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Another Way – Reviewed

| Culture, Theatre, Venues | 23/09/2013

Another Way

Art is the ultimate expression of humanity and it’s how we define our uniqueness in the face of evanescent existentialism. Music is perhaps the greatest expression in this spectrum as it creates a universal link that enables the listener to immediately feel the purveyed message. Imagine then, if you will, being made privy to a dialogue on humanity that chooses to use music as the vehicle of its message. Another Way uses music, you could label it as a musical if you wish, but it isn’t in the traditional sense. It’s a play that uses song as a form of lyrical verse; forget Wicked or Rock of Ages, this instead is instead a dialogue on life that uses lyrical intervention as a modus operandi to carry through a simple message: there’s got to be another way.

It’s the unique touches of the production that truly separate it. Filming the audience as two of the protagonists burst into song and shower them with paper folded origami – messages inscribed upon them such as, “keep walking around your apartment naked…your neighbour loves it”. That tickled me. Still, we were soon ushered into our seats after being herded together like cattle (a symbolic gesture I’m sure, though one I seem to be unable to ascertain the meaning of) and I couldn’t help but find the introduction as gimmicky. It was different for sure, and different can often be good, but this isn’t a fantasy or even remotely fantastical in nature, this is a very human story about finding another way in an increasingly hostile and cynical world. Perhaps breaking the fourth wall so early on wasn’t the best way to keep me engaged, but you know what I liked it all the same.

What is certainly less gimmicky and much more original is the fact that this production is a series of short stories woven together through music. Six characters, three couples and three stories means there is something for everyone. Be it new found love, cynicism and materialism versus the idealistic or love in the face of adversity there will definitely be a message there for you to empathise with. What it lacks is a centralised narrative that weaves the subplots of these characters together successfully, however that’s not the point of this production, the point is to find another way. Whether it means finding another way in life or not, what the artistic talent behind this production has managed to do is find another way of communicating with an audience outside of the traditional or even expected form. We actively look for a traditional narrative now, you know the type – objective pursued, problems arise and are subsequently overcome – which is a shame, because it closes our eyes to the possibilities of seeing new ways in which stories can be delivered.

The cast themselves are uncompromisingly good; Julie Atherton brings a touch of the west end to a production that could otherwise feel slightly am-dram, and there is no way that one can escape the power of the lyrics (tip of the hat to the Composer Benedict) when they are so expertly and emotionally delivered. The dynamic between Andy Coxon (Oliver) and Atherton (Carrie) is both convincing and enjoyable as the representation of a modern and trouble encumbered relationship. Edwards (Toby) gives perhaps the most convincing performance of the night as the happy go lucky, entrepreneurial playboy that wins the audience over within seconds of the characters initial entrance. He’s the perfect foil to Aiden Crawford (Sam) whose uncompromising idealism drives the message of the piece. The character is frustratingly moral, which is a testament to the writers’ craft and Crawford’s skill, in so much that he thoroughly got under my skin. Ria Cherrelle Horsford (Vivien) and Matthew Collyer (Alex) provide a story of love and hope in the face of adversity. It’s story that could easily be so much more powerful, but for the fact that it seems to take a back seat to the rest of the action. The pair themselves deliver performances that are touching, funny and ever so slightly heart breaking. Collyer himself has a ‘rock’ edge to his voice that genuinely reinforces the notion that the character lives in hope and draws his strength from the unwavering devotion of a strong and modern woman, excellently played by Horsford.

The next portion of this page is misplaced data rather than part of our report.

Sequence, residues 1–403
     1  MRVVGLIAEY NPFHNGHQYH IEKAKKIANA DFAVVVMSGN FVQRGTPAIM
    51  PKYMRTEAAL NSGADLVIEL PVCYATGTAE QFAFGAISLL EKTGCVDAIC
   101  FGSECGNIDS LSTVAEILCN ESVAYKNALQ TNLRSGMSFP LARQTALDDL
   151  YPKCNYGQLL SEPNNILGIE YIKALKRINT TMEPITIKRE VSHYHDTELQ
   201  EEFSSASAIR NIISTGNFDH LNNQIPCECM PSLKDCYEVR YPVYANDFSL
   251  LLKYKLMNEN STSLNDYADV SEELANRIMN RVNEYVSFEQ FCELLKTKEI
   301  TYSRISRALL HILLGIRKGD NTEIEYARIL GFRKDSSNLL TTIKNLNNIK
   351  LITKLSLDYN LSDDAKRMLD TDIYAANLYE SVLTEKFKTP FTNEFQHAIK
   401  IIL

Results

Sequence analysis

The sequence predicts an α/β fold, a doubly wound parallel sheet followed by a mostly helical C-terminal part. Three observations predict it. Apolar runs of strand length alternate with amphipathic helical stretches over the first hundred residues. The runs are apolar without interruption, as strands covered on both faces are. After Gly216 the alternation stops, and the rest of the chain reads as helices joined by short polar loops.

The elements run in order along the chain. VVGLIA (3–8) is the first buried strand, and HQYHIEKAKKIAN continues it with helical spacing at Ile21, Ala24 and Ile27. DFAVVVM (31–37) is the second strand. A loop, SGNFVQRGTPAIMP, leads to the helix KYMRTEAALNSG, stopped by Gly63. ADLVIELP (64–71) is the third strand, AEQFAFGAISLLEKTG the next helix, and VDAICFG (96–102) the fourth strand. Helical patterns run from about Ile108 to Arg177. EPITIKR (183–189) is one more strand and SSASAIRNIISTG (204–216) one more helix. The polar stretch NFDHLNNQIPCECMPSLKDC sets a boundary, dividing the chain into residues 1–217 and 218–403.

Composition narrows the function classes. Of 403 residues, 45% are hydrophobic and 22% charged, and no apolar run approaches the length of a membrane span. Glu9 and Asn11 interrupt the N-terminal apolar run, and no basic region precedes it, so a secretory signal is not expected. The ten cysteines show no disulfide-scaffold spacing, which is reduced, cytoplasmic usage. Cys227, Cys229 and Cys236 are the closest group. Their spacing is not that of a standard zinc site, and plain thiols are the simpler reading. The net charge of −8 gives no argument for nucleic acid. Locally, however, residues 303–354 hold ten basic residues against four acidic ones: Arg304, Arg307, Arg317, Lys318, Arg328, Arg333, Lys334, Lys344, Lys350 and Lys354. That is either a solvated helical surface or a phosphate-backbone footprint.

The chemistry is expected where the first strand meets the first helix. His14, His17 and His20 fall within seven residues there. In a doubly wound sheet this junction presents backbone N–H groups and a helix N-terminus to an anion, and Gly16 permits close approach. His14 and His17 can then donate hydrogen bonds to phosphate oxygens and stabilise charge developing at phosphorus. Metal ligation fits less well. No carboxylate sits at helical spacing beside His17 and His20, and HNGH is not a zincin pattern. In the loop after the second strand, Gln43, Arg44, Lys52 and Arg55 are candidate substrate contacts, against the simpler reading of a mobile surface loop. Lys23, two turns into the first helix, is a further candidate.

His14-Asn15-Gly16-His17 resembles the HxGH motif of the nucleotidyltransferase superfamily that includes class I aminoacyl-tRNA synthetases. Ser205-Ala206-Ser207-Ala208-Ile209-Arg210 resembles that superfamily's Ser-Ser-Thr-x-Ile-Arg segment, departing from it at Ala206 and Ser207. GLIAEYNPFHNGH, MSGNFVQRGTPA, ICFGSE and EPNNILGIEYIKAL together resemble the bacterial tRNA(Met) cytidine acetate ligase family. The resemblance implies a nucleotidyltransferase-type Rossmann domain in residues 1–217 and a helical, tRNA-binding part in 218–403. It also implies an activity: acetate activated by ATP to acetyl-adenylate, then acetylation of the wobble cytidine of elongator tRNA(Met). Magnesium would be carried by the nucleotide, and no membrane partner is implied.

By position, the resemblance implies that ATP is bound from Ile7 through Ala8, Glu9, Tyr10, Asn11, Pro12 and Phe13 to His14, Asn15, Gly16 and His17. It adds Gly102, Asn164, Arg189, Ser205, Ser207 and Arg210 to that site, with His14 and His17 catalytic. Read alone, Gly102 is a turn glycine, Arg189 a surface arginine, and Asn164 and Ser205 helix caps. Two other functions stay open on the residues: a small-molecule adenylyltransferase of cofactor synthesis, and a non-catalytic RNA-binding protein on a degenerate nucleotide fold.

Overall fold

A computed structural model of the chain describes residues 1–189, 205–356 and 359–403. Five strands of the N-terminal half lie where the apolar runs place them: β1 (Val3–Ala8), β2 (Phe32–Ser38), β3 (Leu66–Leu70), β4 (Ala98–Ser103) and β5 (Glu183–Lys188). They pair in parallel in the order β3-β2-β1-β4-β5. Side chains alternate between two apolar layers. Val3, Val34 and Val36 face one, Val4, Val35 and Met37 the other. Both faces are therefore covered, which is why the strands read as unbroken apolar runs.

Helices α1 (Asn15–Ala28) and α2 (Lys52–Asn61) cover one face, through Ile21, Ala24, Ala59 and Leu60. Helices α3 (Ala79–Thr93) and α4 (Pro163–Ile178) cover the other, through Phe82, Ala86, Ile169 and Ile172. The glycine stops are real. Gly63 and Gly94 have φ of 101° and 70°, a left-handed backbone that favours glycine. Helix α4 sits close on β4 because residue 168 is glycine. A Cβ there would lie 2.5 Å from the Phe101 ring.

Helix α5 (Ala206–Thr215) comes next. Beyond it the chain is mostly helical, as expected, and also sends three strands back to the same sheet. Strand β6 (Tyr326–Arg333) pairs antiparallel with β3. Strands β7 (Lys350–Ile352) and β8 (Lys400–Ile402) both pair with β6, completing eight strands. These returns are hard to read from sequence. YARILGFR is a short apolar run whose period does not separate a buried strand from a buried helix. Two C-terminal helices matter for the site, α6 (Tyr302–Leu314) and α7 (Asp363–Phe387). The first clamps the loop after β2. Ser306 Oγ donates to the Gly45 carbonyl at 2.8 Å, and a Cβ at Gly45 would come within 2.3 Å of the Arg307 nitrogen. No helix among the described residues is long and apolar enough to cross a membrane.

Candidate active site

As a whole the production is a success and one I’d recommend. I came out feeling optimistic and hopeful, something I’m sure that Henley and Allen-Martin (the writing force behind this piece) hoped to achieve. What I would suggest is that the audience should rid themselves of any preconceived artistic agenda on how a story should be conveyed, specifically in a musical form, and instead enjoy it for what it is, which is ultimately something new: a story told in another way.

For tickets and further info visit: www.thecockpit.org.uk

By James Alexander Minogue

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